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Strava will add high-res 3D maps for outdoor activities

Strava will add high-res 3D maps for outdoor activities

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Strava acquired mapping platform Fatmap to power the feature, continuing its strategy of acquiring smaller fitness startups to add extra value to its platform.

Visual mockup of a 3D mountain with various points of interest mapped in Strava app.

a:hover]:text-gray-63 text-gray-63 dark:[&>a:hover]:text-gray-bd dark:text-gray-bd dark:[&>a]:text-gray-bd [&>a]:shadow-underline-gray-63 [&>a:hover]:shadow-underline-black dark:[&>a]:shadow-underline-gray dark:[&>a:hover]:shadow-underline-gray”>Image: Strava

Strava routes are about to get three-dimensional. The popular fitness social network announced today that it’s acquired Fatmap, a mobile app known for its 3D maps for outdoor sports like hiking, trail running, skiing, and mountain biking.

“Fatmap tech will power Strava maps for both free members and subscribers,” Strava spokesperson Brian Bell told The Verge, noting that subscribers will get more maps, discovery, and route planning features. It’s likely that’s to provide extra value to premium membership, especially since several Strava users were put off by a recent price hike. As for when the Fatmap integration will go live, Bell says that the company is aiming for the middle of the year.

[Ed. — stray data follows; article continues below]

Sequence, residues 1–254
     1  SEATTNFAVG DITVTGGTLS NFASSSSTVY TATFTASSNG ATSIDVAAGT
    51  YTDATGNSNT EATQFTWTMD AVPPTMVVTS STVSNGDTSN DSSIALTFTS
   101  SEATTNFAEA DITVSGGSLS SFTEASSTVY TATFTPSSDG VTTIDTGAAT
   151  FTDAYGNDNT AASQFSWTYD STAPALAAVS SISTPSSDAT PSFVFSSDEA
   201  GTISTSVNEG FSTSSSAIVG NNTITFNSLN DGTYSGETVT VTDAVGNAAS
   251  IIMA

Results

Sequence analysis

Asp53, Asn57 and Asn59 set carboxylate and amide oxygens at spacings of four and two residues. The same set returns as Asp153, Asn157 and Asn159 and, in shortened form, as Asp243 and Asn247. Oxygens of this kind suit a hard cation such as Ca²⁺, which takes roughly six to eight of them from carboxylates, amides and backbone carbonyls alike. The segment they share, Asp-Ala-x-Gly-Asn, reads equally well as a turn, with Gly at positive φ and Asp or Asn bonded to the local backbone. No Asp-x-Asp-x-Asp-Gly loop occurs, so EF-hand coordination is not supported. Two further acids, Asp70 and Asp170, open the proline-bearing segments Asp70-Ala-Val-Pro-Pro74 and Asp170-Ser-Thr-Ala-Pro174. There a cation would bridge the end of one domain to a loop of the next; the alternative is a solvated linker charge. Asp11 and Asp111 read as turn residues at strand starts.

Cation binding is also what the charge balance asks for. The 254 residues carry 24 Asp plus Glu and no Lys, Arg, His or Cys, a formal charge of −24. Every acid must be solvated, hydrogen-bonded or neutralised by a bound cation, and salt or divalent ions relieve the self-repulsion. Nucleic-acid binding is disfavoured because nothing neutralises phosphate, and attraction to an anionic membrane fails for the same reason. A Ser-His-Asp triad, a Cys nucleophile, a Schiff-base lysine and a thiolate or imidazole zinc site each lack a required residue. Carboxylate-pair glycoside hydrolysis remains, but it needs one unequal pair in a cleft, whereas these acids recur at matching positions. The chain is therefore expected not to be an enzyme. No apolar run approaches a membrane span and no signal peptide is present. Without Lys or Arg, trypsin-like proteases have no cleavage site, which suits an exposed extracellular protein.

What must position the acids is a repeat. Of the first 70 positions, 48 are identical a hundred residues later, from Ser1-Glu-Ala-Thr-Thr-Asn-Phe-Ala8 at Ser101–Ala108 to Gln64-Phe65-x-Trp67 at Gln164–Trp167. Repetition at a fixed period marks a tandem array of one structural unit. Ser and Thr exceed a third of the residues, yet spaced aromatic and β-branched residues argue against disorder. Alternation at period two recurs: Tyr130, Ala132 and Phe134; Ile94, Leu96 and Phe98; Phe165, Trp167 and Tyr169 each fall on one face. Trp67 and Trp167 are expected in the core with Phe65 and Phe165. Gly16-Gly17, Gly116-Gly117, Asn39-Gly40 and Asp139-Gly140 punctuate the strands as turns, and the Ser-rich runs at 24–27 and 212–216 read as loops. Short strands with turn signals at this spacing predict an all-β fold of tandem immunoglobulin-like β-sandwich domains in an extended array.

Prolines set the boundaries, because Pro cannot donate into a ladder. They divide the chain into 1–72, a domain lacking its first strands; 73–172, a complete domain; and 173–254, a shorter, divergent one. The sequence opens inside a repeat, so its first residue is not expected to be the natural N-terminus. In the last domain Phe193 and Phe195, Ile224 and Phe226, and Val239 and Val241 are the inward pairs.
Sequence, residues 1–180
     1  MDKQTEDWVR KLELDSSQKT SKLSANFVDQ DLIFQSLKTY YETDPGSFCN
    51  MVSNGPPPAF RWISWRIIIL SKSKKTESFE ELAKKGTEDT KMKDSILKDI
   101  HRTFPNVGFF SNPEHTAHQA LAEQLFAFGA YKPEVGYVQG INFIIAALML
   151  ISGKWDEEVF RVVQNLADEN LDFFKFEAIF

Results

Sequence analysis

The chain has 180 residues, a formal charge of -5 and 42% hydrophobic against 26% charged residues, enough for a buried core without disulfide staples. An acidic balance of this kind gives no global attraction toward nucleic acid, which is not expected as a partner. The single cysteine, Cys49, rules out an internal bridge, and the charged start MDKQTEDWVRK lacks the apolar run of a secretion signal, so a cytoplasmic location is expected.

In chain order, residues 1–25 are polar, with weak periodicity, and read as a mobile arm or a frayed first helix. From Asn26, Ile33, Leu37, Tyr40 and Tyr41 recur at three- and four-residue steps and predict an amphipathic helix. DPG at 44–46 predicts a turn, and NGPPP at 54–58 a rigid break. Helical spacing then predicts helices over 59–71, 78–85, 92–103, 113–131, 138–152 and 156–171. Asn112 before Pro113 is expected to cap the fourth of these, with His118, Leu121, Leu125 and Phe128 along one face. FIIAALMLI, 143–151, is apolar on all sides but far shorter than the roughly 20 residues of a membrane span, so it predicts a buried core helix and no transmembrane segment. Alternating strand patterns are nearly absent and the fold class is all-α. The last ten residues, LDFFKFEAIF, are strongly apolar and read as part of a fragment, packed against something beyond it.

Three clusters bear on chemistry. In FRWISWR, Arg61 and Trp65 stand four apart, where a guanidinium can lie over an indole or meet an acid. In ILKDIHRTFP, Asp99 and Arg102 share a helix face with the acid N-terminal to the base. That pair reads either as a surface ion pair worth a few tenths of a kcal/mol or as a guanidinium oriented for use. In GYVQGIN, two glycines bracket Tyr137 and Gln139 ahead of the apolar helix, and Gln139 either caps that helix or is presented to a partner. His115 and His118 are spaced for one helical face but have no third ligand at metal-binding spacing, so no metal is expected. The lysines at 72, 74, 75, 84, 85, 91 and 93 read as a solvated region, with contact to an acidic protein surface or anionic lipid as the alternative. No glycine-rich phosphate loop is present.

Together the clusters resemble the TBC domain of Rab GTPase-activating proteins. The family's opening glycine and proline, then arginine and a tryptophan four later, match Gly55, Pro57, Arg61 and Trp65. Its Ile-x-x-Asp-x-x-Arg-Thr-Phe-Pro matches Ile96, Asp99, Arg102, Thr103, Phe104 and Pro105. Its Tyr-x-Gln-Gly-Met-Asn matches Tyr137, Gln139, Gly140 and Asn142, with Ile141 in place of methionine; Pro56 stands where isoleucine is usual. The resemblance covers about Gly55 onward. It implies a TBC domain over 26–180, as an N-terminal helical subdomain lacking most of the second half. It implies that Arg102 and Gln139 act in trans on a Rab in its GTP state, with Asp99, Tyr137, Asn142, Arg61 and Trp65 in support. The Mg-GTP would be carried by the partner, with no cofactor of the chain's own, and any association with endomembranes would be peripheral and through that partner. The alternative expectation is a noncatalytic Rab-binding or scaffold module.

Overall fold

Render of a 3D Alpine ski map showing various points of interest within the Strava app.

Render of a 3D Alpine ski map showing various points of interest within the Strava app.

Strava didn’t disclose the terms of the deal, but according to TechCrunch, Fatmap has roughly 1.6 million registered users and has raised about $30 million in funding. Once the integration is finished, Strava users will be able to see Fatmap’s high-resolution 3D maps without leaving the Strava app. TechCrunch also reports that Strava is working on a single sign-on integration so that subscribers can access all of Fatmap’s features using their Strava logins. For now, users can connect their Strava and Fatmap accounts to automatically sync activities — which is typically how Strava’s third-party integrations work.

This isn’t the first time Strava’s done this, either. Last year, it acquired Recover Athletics, an app that focuses on prehab and injury prevention. Strava users can view Recover Athletics stretches within the app, or alternatively, they can use their Strava credentials to log into the Recover Athletics app.

While Strava is most popular among cyclists and runners, the app has recently taken pains to expand its reach by including new activity types like racquet sports, pilates, and HIIT. The Fatmap acquisition can also be seen as a bid to expand Strava’s reach to skiers, hikers, and other types of outdoor adventurers.

Update, Jan 24, 2023, 12:35 PM: Updated to reflect new Strava spokesperson attribution

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